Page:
I have a newsletter called WORK! and each week I share three ideas on how to make work better. And this week, well for a few weeks now actually, there’s one big subject that’s been dominating our lives and it’s changed everything.
So I thought I’d share with you how MAQE is responding to the current COVID-19 pandemic.
It’s an unprecedented situation that we find ourselves in. People are worried. And rightly so! They want and need answers; reassurance — something to hold on to. We all do, I think!
But how can we provide answers when there are so few clear answers to be had? And how can we provide reassurance amidst all this uncertainty?
I wanted to share MAQE’s answers to these questions with you, as well as how the team at MAQE reacted to our continuity plans around the pandemic.
Here are three takeaways I found from both formulating the plan, through to how MAQErs reacted to it when we discussed it with them.
1. Clear Expectations
COVID-19 can and will impact our business in either of two ways. First, the spread of infection can directly impact the health of our staff and that of their loved-ones. Second, how other organizations respond to the crisis can affect our pipeline and economic well-being. We have, for these reasons, chosen to communicate a risk assessment with six levels — each one associated with a certain countermeasure.
A note regarding the “strongly advised” language found in levels 4 and above: MAQE is based in Bangkok, Thailand. And unlike many other countries, Thailand does not have regulations supporting furlough. As such, it’s not possible for us to mandate unpaid time off — even in times of crisis. It must be a voluntary action. And while we certainly have the culture to support such a move, I understand that many organizations do not. So what works for us, may not work for everyone.
2. Regular Updates
We can’t say if or when certain levels will come into effect. But the risk assessment does provide answers as to what our next action should be. And that’s important. We update the risk assessment on Fridays at 4 PM. And we communicate that decision over Slack. People are worried about health and their livelihood. This method ensures everyone knows what to expect and when.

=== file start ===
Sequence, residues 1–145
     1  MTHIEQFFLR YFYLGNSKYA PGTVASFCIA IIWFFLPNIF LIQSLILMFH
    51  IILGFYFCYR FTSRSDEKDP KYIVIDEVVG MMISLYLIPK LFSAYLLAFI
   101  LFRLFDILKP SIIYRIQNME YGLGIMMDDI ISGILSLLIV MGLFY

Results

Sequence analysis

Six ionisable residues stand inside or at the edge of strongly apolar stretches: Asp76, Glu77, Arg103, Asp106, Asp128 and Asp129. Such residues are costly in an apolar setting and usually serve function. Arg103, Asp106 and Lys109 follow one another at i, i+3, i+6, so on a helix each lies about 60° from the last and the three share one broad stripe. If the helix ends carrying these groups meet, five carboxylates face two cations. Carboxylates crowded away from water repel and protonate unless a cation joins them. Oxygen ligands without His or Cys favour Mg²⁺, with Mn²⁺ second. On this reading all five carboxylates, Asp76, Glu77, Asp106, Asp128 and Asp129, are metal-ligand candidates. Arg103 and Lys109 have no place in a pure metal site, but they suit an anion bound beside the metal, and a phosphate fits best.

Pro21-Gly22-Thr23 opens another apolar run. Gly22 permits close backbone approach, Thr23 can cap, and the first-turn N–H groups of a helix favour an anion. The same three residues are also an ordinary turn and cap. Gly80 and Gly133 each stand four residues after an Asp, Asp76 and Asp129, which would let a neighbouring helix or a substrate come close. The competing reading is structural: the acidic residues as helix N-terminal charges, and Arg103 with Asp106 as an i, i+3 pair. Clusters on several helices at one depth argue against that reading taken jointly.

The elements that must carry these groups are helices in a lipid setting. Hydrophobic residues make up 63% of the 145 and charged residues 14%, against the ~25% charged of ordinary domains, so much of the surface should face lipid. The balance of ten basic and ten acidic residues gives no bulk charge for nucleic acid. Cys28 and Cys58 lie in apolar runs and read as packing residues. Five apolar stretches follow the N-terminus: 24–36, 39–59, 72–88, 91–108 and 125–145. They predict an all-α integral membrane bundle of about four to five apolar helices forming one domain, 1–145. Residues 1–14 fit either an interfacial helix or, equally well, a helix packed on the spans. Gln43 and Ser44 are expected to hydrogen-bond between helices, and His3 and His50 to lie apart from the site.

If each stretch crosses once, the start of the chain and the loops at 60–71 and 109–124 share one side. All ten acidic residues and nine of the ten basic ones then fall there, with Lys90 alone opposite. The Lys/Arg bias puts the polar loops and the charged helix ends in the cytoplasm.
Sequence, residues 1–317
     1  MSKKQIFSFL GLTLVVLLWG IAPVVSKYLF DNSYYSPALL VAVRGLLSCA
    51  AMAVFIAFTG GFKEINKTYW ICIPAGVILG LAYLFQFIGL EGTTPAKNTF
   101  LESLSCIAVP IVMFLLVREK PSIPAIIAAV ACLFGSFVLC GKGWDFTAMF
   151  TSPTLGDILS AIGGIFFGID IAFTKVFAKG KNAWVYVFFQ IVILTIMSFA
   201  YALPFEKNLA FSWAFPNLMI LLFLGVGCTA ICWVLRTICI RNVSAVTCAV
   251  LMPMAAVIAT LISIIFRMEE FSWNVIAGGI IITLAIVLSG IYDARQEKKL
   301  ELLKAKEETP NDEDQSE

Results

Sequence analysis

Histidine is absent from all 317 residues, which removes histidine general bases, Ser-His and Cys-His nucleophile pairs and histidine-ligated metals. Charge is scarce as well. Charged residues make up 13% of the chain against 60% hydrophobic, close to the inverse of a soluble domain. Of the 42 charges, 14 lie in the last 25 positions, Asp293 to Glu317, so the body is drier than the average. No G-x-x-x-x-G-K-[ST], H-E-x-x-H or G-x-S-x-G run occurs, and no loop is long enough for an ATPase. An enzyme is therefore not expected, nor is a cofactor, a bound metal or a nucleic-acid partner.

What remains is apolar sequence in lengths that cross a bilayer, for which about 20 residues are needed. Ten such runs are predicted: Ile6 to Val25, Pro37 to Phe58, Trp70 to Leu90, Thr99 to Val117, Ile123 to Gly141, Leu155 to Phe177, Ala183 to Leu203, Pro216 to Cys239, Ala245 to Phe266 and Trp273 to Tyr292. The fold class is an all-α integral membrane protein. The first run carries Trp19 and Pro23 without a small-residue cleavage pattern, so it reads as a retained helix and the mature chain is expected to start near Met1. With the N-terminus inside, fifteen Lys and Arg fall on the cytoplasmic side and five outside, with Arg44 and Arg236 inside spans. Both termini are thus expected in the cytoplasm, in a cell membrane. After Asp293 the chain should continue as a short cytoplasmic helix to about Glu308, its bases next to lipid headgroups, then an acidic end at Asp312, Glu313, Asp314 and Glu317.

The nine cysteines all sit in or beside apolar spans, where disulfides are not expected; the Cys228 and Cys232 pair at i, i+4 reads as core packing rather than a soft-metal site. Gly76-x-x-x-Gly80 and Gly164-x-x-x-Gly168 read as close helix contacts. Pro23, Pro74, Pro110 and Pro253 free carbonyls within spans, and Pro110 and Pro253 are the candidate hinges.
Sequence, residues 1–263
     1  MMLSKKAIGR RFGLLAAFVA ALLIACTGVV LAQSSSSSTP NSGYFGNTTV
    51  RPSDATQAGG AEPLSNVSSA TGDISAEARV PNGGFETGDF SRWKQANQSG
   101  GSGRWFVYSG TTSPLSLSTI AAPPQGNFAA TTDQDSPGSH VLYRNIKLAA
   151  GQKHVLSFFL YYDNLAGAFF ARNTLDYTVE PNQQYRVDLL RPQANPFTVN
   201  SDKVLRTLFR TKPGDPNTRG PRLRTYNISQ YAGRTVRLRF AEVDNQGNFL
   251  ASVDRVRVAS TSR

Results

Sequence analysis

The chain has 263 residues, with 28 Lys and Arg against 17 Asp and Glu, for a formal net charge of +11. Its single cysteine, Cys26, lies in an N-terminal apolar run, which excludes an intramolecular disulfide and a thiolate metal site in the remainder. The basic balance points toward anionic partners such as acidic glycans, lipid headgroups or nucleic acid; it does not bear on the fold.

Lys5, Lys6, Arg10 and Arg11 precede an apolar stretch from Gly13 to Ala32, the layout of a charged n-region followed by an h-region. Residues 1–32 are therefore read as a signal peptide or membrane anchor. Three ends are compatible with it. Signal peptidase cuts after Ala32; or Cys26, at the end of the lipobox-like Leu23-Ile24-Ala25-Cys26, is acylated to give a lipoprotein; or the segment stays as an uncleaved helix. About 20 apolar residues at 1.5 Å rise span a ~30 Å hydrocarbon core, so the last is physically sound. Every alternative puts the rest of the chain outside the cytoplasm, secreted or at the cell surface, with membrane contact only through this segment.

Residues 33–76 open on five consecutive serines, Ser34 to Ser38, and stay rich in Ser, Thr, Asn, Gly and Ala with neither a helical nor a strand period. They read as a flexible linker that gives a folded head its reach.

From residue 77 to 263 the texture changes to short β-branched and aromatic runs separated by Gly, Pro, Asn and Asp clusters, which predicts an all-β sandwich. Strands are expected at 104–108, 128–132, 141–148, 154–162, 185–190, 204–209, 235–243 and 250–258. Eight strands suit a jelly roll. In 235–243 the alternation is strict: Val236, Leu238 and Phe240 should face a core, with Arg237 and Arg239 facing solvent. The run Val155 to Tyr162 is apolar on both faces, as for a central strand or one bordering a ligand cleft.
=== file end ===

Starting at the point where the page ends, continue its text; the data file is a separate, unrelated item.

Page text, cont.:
3. Targeted Action
We are currently on risk-level 2 and we hope to stay there. But it means that we now recommend everyone to work from home. Luckily for us, this isn’t too drastic a change. We’ve had lots of practice in years past. But it has uncovered a few stressors, such unstable home Internet or desks not suitable for an 8-hour work day. To address this, we’re now subsidizing such purchases on a case-by-case basis.
Like everyone else, we’re figuring things out as we go along. But the response from our 60+ colleagues has so far been very positive. And that’s despite the rather draconian measures found on levels 4 and above.
We hope never to have to go there.
But we also don’t want to sugarcoat the situation. It is what it is and we just have to deal with it as best we can. What’s important, however, is that we’re in this together. And as a company, we have made the decision that it’s better that we all suffer a little bit rather than a few suffer a lot.
We’ll do everything in our power to avoid letting people go. And at the end of the day, that’s the reassurance I think most people need to hear.
If you’d like to subscribe to my newsletter, WORK!, then head over to andreasholmer.com. WORK! covers business agility, organizational design, and the future of work. You can also see WORK! posts on Medium, but it’s a few weeks behind…So you should really subscribe to my newsletter 🙂